Each piece of Dauphin jewelry is a visual poem, written in the language of modern aesthetics and fine craftsmanship. The abstract, sculptural, and elegantly designed collection, by Paris- and London-based Charlotte Dauphin de la Rochefoucauld exudes an intellectual individuality that’s refined to boot. In the midst of this fall’s Paris Fashion Week, Barneys Fashion Director Marina Larroudé stopped into the Dauphin showroom to view and try on the geometric-yet-movement-focused pieces for herself, and she invited The Window to tag along.
“Dauphin speaks to the contemporary woman—jewelry today needs to make women feel free and strong. We’re offering new possibilities for the individual who wants to be more conscious about what she wears and how it translates who she is,” Dauphin de la Rochefoucauld says of collection, which she first launched in 2014. “When wearing my work, I want a woman to feel an alignment between who she is and what she wears, not like she is wearing someone else’s piece of jewelry. To reach that level of harmony is fundamental.”
That focus on the modern woman and an individual connection immediately spoke to Marina as she experienced the house’s latest offerings in person. “Sometimes, diamond pieces can feel old-fashioned or like you’ve borrowed your grandmother’s jewelry, but Dauphin pieces are designed for the woman of today,” Larroudé recounts. “Every design is almost architectural, but also playful and striking.”
That balance between the structured, thoughtfully constructed forms and their sense of freedom and movement is a delicate one, and something that Dauphin de la Rochefoucauld says she carefully considers. “My pieces are a constant dialogue with the human body in relation to space,” she says. “The sculptural and architectural elements derive from a dialectic between the stillness of sculpture and the dynamics of movement. This aesthetic differs from a traditionally flat and still approach to jewelry.”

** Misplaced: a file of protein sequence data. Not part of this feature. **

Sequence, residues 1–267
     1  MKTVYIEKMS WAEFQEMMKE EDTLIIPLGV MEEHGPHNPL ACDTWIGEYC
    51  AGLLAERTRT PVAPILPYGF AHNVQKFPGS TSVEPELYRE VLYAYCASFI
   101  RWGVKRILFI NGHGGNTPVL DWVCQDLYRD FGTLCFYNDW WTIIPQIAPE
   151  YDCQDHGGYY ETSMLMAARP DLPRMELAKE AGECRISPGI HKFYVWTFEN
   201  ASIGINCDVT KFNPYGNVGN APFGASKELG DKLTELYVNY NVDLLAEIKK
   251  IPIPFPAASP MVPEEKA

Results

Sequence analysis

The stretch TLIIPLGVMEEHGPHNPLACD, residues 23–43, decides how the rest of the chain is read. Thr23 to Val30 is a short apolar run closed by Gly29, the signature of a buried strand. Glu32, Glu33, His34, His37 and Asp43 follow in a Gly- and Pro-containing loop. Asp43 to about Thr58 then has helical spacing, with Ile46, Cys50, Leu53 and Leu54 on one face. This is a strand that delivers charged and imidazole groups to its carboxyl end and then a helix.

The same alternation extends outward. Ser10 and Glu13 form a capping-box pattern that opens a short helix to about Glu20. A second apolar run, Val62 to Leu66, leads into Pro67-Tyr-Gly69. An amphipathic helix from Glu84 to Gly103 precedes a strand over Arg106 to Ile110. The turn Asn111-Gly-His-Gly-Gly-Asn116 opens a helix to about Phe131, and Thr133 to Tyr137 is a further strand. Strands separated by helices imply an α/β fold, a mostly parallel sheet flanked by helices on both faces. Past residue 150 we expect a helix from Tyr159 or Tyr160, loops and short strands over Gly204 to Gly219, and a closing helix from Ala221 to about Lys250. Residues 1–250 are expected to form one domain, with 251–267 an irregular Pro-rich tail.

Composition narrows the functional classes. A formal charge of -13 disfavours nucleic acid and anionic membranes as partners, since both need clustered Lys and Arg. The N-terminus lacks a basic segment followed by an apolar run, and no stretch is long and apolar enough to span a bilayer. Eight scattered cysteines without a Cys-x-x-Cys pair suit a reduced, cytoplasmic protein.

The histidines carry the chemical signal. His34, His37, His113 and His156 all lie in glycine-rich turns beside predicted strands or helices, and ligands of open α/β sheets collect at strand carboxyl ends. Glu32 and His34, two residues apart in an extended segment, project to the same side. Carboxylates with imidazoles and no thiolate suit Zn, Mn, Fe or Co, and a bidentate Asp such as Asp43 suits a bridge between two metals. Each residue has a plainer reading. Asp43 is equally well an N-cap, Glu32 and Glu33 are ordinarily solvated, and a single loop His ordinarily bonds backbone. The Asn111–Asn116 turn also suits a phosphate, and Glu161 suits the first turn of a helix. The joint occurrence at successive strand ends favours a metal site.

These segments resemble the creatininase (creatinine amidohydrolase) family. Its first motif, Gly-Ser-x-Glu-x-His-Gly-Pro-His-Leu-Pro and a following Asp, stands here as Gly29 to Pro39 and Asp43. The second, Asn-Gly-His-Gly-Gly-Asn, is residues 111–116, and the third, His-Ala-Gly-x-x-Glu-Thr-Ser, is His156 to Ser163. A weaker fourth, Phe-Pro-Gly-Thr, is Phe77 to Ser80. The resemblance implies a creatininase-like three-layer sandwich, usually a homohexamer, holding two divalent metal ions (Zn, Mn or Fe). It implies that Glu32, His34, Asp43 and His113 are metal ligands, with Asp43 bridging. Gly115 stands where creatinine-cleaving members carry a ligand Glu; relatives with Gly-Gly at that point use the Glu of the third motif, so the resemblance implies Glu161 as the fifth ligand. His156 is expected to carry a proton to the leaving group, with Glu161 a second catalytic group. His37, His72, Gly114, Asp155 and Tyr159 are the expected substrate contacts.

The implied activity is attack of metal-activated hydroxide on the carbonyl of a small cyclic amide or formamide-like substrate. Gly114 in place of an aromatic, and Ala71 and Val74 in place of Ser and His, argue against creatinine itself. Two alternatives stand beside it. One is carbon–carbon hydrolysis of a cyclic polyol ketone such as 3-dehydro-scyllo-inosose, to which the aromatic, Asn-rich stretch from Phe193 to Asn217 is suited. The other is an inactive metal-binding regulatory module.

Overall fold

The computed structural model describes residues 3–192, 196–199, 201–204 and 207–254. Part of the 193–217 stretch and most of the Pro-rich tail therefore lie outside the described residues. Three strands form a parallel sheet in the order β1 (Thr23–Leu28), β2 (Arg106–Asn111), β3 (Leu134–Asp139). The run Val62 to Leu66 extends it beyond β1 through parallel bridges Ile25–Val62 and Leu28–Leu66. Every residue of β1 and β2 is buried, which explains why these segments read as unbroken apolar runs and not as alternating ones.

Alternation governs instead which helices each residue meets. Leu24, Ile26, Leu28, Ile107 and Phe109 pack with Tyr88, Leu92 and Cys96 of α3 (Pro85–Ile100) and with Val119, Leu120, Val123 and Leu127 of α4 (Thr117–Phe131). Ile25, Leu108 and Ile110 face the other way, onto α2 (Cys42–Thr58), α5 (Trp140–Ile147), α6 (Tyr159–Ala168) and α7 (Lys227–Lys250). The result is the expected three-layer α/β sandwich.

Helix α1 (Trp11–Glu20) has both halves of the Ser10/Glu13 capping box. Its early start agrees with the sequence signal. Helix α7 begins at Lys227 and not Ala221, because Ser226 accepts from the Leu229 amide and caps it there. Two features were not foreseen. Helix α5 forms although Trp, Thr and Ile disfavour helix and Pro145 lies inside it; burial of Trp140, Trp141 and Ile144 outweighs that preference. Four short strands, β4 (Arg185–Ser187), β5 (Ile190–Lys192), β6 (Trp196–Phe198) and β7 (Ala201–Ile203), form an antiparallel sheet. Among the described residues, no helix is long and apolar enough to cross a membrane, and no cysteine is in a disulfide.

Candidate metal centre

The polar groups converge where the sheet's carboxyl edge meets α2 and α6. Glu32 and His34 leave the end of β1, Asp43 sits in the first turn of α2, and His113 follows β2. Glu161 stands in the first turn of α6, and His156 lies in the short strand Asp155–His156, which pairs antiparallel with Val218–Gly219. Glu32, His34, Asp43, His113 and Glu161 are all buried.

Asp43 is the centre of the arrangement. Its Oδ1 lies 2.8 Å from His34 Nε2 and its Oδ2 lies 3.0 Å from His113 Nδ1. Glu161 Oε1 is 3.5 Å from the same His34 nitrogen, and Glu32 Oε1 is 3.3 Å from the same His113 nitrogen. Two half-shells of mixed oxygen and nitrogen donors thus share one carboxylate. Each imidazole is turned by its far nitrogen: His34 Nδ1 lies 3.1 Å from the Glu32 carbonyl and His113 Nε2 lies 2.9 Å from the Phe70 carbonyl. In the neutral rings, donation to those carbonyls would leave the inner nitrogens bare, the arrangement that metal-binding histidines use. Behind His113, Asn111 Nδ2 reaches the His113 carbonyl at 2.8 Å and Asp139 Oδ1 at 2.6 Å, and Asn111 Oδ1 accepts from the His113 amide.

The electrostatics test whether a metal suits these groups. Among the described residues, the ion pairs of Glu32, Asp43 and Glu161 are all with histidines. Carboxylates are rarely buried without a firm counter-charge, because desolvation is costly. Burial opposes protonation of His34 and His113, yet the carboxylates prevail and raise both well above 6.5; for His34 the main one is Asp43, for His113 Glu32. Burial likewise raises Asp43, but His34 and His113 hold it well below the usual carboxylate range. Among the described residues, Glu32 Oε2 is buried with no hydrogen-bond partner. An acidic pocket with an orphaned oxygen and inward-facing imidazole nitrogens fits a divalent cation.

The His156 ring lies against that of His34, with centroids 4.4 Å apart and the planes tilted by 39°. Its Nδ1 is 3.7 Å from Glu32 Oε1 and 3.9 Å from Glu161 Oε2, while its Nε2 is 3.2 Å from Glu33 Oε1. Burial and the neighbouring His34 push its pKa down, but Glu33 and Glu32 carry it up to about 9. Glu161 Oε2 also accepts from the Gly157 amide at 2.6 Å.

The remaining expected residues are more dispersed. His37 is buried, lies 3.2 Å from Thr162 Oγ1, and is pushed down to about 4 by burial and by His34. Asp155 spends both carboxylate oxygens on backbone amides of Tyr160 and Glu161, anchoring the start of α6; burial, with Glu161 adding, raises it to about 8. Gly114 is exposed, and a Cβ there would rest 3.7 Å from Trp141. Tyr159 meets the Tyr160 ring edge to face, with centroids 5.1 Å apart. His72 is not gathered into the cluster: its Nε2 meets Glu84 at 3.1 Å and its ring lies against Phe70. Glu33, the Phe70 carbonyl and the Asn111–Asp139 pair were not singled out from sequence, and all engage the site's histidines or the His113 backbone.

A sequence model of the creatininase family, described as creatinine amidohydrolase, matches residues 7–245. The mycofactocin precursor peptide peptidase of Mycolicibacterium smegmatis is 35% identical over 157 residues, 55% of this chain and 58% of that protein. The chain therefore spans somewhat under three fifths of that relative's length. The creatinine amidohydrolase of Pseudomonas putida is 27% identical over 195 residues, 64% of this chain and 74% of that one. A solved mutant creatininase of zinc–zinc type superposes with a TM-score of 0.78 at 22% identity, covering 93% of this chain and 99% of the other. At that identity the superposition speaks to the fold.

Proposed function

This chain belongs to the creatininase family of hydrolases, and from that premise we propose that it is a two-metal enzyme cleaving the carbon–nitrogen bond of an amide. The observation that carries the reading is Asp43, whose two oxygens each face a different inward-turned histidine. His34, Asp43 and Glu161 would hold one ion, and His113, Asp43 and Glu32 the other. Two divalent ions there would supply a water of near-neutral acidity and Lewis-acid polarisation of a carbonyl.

Drawing from her own background in fine art and art history, as well as from a family history of “image makers and storytellers”—her grandfather was Jacques Dauphin, a legendary French advertising executive who is today considered the father of modern billboard advertising—Dauphin de la Rochefoucauld’s creative process is all her own. She strives to capture “a poetic rendering of an emotion,” and in the process eschews any references to a particular trend, culture, tradition, or heritage. Instead, she allows her subconscious and her intuition to guide her to a series of images and memories, which she then distills to a single universal emotion that she tries to capture in her pieces. “An image says much more than it seems—it conveys so many levels of meanings, and a literal approach seems irrelevant to me,” she says, adding that the true goal of her work is to trigger a strong emotional response from the wearer. “That is what I believe makes Dauphin timeless, personal, and different.”
And when is comes to Marina’s visit to the showroom, that mission was certainly achieved, as she found herself drawn to piece after piece. “My personal favorites were the over-the-top earrings, which look like disco balls,” she enthuses about the style that can been seen above. “There’s also a lot of variety in the line, ranging from the statement-making, standout pieces to those that are more everyday and wearable. The stackable rings that you can layer up, each still can make a statement on its own.”
That sense of adding and growing is inherent to the line. Now in its third year, Dauphin de la Rochefoucauld has a clear vision for how she sees the collection moving forward while remaining true to its roots. “Dauphin’s aesthetic has been consistent since the start, yet I want to make sure it has the ability to reinvent itself collection after collection in a disruptive and innovative way,” she tells us. “Each collection has its own place, yet they all retain parallels—from the palette and the volumes, to the abstract element and the consistent dynamics and movement within the creations. The collections seem naturally to evolve towards more and more freedom.”